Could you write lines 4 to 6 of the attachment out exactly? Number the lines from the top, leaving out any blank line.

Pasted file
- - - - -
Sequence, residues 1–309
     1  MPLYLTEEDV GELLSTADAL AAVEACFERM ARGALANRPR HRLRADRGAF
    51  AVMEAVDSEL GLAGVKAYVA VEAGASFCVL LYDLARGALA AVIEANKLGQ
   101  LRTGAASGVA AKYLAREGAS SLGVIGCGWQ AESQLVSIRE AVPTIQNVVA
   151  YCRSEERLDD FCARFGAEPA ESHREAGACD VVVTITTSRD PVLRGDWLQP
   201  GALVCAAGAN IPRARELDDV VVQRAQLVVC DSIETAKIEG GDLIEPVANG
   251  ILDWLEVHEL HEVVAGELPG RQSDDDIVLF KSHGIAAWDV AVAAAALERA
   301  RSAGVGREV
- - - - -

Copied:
   101  LRTGAASGVA AKYLAREGAS SLGVIGCGWQ AESQLVSIRE AVPTIQNVVA
   151  YCRSEERLDD FCARFGAEPA ESHREAGACD VVVTITTSRD PVLRGDWLQP
   201  GALVCAAGAN IPRARELDDV VVQRAQLVVC DSIETAKIEG GDLIEPVANG